Banking, FinTech

Neo Banking: Reality Behind the hype

If you’re seeking a more modern and tech-enabled banking experience, you may want to explore neo banking for your money management. With the growing need to expand financial services, serve the underbanked and bring down banking costs, neo banks have emerged as the most exciting fintech trend in recent times. Their services range from mobile-only checking and savings accounts, to online lending, budgeting, and more. All of this, without a physical presence. The sector is generating significant buzz – a PwC report on neobank quotes an estimated CAGR at over 46% between 2018 and 2026. In this post, we unveil the reality behind the neo banking hype.

The Basics of Neo Banking

While digital banks are a traditional banks’ online arm, neo banks are independent and digital-only entities. Neo banks do not have a physical presence. So customers cannot walk in to resolve their problems. Relying on a party for your finances needs time to build that trust currency. Neo banks seek to address this challenge by relying on the simple, yet robust and reliable digital interfaces. These interfaces are critical to ensuring an equivalent, if not better customer experience vis-à-vis traditional banking, that often involves more manual experiences. To succeed, Neo banks must provide 24×7 customer support and generate a higher Customer Lifetime Value (CLV).  Therefore, processes like Aadhar linked e-KYC and biometric identification (with features such as facial recognition and identity verification) are crucial drivers at a neo bank today.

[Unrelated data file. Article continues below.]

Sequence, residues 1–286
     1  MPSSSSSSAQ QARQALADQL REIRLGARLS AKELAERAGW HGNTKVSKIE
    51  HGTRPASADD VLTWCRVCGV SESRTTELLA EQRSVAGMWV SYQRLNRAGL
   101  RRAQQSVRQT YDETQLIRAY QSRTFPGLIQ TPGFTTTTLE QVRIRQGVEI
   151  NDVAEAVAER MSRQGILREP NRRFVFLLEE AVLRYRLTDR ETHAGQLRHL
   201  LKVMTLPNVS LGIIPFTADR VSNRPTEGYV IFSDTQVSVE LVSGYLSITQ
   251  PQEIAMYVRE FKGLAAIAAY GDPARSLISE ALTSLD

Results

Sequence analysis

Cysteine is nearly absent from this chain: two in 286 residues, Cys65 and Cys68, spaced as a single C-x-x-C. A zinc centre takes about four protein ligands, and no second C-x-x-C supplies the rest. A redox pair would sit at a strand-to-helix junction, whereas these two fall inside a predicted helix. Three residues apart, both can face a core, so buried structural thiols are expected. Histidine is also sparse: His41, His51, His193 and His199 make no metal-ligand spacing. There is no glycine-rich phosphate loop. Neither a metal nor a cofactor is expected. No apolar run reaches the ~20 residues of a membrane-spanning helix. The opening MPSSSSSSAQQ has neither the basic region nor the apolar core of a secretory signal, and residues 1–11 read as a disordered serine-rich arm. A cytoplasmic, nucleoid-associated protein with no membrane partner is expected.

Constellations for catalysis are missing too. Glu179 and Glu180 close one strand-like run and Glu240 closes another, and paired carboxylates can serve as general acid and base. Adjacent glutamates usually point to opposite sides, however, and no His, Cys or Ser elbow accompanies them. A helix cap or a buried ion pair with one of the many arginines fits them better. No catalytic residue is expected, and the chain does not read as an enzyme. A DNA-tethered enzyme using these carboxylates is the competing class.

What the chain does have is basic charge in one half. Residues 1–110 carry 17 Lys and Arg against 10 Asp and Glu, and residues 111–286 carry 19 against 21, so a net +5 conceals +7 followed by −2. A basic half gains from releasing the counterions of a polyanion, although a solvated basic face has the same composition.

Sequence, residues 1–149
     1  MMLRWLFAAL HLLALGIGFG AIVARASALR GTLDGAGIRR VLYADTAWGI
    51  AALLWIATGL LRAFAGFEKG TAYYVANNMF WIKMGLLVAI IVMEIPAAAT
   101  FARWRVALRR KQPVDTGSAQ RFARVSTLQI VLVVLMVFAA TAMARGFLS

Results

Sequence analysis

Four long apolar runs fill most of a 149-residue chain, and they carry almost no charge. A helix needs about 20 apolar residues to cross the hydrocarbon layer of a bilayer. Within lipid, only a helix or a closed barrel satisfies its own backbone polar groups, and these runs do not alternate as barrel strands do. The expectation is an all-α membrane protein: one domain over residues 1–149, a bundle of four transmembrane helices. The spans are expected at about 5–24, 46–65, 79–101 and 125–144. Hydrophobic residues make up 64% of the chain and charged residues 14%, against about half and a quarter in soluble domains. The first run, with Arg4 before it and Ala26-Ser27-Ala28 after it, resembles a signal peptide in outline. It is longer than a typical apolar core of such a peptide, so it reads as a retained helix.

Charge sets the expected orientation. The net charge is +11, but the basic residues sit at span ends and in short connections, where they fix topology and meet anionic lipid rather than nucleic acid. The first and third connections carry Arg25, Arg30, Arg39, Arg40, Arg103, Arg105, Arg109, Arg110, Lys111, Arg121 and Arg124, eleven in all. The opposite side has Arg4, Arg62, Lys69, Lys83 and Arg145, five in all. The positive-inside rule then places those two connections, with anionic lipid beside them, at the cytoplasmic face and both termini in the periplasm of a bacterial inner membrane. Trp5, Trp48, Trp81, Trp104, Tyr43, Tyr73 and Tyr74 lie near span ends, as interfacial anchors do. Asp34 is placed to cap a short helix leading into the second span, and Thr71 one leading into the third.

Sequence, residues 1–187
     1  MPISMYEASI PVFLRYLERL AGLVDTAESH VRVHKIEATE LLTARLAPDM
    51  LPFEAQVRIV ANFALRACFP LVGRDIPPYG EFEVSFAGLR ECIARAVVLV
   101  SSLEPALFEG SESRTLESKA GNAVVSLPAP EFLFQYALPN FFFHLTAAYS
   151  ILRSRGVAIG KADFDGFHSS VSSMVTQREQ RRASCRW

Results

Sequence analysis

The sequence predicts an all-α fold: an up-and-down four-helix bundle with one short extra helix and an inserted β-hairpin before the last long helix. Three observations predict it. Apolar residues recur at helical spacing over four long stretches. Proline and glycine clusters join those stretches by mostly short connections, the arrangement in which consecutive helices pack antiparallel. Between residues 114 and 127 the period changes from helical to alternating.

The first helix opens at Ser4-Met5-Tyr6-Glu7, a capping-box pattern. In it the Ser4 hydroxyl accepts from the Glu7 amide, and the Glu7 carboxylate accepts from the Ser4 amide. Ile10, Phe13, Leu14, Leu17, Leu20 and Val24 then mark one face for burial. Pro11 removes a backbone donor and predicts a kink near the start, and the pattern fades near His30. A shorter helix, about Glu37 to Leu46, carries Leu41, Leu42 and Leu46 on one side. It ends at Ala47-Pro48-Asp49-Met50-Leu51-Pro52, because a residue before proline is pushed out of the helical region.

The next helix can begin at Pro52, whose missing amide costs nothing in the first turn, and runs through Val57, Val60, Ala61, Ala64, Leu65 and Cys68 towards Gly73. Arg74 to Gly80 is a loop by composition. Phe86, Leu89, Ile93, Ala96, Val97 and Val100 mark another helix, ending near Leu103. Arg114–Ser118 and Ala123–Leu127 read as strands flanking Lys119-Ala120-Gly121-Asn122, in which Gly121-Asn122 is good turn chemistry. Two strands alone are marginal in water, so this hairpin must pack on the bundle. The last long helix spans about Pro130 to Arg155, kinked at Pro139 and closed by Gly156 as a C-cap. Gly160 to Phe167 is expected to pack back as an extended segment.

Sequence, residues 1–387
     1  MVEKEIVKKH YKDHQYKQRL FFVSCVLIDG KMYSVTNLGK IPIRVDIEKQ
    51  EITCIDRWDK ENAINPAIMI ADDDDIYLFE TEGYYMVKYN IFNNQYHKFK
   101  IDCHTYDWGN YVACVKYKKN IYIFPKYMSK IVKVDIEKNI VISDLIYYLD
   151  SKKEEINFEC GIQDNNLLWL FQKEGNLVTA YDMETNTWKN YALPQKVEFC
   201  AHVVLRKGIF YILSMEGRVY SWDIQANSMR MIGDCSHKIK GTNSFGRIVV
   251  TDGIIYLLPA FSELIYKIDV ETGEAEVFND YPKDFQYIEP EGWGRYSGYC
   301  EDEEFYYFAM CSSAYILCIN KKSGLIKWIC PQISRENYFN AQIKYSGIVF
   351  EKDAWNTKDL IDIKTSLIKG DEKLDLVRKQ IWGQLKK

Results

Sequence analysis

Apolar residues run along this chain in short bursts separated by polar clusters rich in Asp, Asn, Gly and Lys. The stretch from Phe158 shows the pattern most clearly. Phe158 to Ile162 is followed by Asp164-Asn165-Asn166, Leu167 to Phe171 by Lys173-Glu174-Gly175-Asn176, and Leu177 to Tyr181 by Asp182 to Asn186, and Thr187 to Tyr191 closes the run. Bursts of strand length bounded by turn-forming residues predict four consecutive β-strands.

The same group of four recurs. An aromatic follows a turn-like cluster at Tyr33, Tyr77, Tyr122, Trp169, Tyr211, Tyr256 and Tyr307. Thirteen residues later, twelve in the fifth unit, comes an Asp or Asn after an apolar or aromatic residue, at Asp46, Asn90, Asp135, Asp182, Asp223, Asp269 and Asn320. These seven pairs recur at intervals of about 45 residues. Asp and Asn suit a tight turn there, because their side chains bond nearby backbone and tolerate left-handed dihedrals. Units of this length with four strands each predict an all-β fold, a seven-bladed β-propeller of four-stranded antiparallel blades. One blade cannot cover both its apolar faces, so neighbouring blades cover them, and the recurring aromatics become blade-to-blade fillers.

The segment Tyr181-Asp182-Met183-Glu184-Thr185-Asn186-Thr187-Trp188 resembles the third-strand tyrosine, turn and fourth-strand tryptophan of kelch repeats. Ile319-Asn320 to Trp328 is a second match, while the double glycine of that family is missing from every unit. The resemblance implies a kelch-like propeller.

Are Neobanks Safe?

Many tech savvy millennials have already moved almost exclusively to digital payments. However, when it comes to migrating to neo banking as your default option, trust can be an understandable area of concern. But as long as you’re doing your due diligence, you shouldn’t have much to worry about.  Neo banks operate in a regulated space, with licenses from the RBI. In India, payments banks are the closest model to 100 percent digital banks. They are a legal entity allowed to operate as an authorised deposit-taking institution. 

It’s also important to note that many neo banks providing relatively higher interest rates when compared to traditional and conventional rivals are currently not offering loans, credit cards or money management solutions such as future dated and recurring payments.  They use advanced Role-Based Access Control (RBAC) logic to prevent malware attacks. 

The Advantages of Neo Banks 

  1. Lower transaction Costs: With lesser overheads, transaction fees can be significantly lowered –  a benefit that can be passed on to customers in the form of higher interest rates on deposits and other products. Getting 4% on your deposits from your traditional retail bank? You can expect noticeably more from your neobank.
  2. Seamless Customer Experience: Convenience is the highlight of neo banks. With loan approval, instant payouts, one-click account management, etc. all delivered via technology, neo banks can be a significantly faster experience for most consumers. They can even offer personalized AI concierge services.